What is Free Will?
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What is Free Will?

As discussed in our last blog, Free Will is necessary for moral responsibility. Many grant this fact but dispute the meaning of Free Will. So, what is Free Will?

As we get started, it should be noted that the Bible claims and Christians believe that humans have Free Will. For example, God said to Adam, “You may surely eat of every tree of the garden, but of the tree of the knowledge of good and evil you shall not eat, for in the day that you eat of it you shall surely die” (Gen. 2:16-17, ESV).[1] And, Joshua said, “ And if it is evil in your eyes to serve the Lord, choose this day whom you will serve…” (Joshua 24:15, ESV).[2] When examined, it seems that the Free Will asserted in the Bible is Libertarian Free Will — that is, Incompatibilist (Nondeterministic) Agent Causality as opposed to Deterministic Event Causality, Indeterministic Event Causality, or Compatibilist Event Causality[3]. This is the Free Will (hereafter FW) that we argue that all men must and do have.

In its simplest definition, FW is the capacity to “act freely.”[4] More specifically, this FW is

(b) The Freedom of Alternative Choice which consists in the supposed ability of the agent to choose among alternative possibilities of action. (c) The Freedom of Self-Determination consisting in decision independent of external constraint but in accordance with the inner motives and ideals of the agent.[5]

In other words, FW refers to human action and agency “in which the human being acts as an agent who is in some sense the originator of one’s own actions and, in this sense, is in control of one’s action.”[6]

FW occurs only in the case that:

  1. Person p is a substance that has the active power to bring about e.
  2. Person p exerts power as a first-mover (an “originator”) to bring about e.
  3. Person p has the ability to refrain from exerting power to bring about e.
  4. Person p acts for the sake of reasons that serve as the final cause or teleological goal for which p acts.[7]

This case entails five necessary conditions:

  1. The Ability Condition: the ability of the agent to choose or to act differently from the way the agent actually does act;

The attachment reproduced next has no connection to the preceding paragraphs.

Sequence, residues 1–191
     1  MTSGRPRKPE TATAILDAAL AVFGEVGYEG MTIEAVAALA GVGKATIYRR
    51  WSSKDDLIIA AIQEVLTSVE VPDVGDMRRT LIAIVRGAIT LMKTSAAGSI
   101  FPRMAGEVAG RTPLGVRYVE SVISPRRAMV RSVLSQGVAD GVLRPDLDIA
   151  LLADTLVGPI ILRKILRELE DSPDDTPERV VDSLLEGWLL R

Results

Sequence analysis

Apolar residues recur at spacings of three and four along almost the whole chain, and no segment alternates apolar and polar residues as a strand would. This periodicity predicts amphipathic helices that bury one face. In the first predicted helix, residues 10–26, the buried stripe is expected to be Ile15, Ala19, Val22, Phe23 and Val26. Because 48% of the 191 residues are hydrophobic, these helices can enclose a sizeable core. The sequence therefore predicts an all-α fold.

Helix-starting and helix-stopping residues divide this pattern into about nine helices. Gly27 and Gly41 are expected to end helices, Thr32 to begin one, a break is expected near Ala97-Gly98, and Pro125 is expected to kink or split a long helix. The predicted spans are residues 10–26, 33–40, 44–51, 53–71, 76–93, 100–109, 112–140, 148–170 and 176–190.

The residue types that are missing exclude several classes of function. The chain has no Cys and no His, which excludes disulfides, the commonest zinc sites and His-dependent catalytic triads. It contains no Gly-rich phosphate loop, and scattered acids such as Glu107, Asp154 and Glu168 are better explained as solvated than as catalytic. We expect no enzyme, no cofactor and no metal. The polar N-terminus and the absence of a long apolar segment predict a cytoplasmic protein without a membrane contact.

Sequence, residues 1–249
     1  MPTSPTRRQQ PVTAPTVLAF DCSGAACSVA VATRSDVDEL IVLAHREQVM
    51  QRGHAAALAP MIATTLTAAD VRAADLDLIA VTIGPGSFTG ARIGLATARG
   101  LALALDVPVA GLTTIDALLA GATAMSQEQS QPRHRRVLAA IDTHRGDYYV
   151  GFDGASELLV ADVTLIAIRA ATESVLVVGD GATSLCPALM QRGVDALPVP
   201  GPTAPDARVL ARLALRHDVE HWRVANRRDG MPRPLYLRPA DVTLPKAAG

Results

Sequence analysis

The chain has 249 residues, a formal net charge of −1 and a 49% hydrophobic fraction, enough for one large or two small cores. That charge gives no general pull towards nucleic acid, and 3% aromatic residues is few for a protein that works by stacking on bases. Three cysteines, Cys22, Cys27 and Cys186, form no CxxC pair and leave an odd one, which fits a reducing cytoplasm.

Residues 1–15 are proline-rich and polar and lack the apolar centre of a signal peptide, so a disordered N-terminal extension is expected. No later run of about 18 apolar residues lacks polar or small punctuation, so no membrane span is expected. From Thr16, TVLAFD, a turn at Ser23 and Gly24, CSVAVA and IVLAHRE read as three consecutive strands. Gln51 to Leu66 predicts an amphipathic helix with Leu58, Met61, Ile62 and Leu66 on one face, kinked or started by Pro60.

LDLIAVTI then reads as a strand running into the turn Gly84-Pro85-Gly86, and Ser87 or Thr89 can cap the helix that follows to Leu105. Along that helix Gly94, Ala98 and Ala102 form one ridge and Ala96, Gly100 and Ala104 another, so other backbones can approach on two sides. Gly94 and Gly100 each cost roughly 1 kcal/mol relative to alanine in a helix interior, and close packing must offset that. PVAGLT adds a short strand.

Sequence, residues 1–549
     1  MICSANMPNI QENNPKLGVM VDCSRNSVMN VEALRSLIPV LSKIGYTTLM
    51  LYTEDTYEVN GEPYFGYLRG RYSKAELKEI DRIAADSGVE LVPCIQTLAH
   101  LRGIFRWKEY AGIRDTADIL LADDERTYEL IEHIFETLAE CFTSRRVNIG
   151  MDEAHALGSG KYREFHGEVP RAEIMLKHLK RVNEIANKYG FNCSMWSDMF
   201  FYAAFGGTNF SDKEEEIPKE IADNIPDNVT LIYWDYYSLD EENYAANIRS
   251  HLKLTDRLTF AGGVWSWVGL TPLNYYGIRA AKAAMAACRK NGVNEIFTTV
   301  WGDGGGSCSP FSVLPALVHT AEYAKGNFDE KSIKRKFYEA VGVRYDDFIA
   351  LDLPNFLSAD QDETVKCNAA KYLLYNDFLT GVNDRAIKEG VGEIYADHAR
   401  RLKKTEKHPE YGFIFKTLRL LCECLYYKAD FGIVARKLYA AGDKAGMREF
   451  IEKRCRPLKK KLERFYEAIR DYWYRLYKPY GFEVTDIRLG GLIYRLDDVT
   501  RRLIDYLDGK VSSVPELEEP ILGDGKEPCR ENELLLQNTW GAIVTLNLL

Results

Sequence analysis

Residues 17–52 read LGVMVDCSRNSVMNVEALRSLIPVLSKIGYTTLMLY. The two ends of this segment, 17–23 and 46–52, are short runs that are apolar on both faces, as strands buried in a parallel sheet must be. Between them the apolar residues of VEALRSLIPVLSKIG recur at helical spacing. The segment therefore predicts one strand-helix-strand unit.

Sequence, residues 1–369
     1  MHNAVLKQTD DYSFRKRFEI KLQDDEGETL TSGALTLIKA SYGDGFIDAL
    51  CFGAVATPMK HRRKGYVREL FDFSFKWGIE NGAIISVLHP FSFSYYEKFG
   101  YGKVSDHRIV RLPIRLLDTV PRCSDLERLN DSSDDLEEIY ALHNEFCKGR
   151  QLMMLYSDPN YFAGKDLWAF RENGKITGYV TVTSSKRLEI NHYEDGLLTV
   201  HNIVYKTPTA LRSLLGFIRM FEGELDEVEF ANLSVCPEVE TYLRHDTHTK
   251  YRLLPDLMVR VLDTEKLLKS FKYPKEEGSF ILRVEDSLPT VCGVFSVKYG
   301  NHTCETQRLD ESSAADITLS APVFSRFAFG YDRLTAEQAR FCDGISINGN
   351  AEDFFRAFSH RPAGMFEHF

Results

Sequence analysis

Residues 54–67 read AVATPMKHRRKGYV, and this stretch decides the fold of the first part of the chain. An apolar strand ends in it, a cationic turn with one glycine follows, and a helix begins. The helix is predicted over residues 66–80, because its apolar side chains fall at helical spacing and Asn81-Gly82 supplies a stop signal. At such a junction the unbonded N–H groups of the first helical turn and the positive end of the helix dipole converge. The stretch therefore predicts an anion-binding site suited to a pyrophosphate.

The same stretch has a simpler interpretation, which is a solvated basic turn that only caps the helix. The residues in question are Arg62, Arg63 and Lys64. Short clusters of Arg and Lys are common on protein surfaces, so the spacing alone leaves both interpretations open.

2. The Control Condition: the agent is in control of the act himself;
  3. The Rationality Condition: the agent acts according to a personal reason for acting;
  4. The Causation Condition: the agent is the cause of the effect (mental or physical action);
  5. The Person as Agent Condition: the agent must be understood to be a substance in the sense of Aristotle and Aquinas (i.e. a soul; FW does not permit top-down mental causation of an emergent sort).[8]

FW of this sort is the ability to deliberate between two alternatives on the basis of relevant beliefs and desires such that one is able to form a volition or intention that precedes, corresponds to, and causes a subsequent action. For example, I have chosen to write a blog describing FW. On this view of FW, I could have done otherwise. The option was also open to write on any number of other subjects. Having given careful consideration to the many options and having been motivated by a desire to write a good blog, I chose this topic instead of others. In other words, I exercised FW.

Please note, I am not claiming that every action is free. Of course, this is not the case. Clearly many actions of the body are event-caused, involuntary or automatic actions. And, many others may be so coerced — environmentally, socially or circumstantially influenced — that they could not really be considered free. Instead, I am only contending for the possibility of free action in cases like the example given above. This is, I believe, the essential freedom which is at the heart of FW, which agrees with our common intuition concerning Free Will, and which must be possible for man to be considered a moral agent.

Such a version of FW requires that some set of human actions be free from event-causation. If it were shown that no such actions exist, then FW would be disproven. Many lines of evidence from neuroscience (brain damage, split brains, psychopharmacology, the Libet studies, etc.) are purported to show just this. In our next blog, we will consider the evidence from neuroscience and ask: Does Free Will exist?


What is the key ability that constitutes Free Will?

Do you have Free Will?



[3] See for an idea of what all these different words mean.


[5] Wood, Ledger, Dictionary of Philosophy,112.

[6] Moreland and Craig, Philosophical Foundations for a Christian Worldview, Kindle Locations 8412-8413.

[7] Moreland and Rae, Body and Soul, 105.

[8] Moreland and Craig, pp. 271-283.

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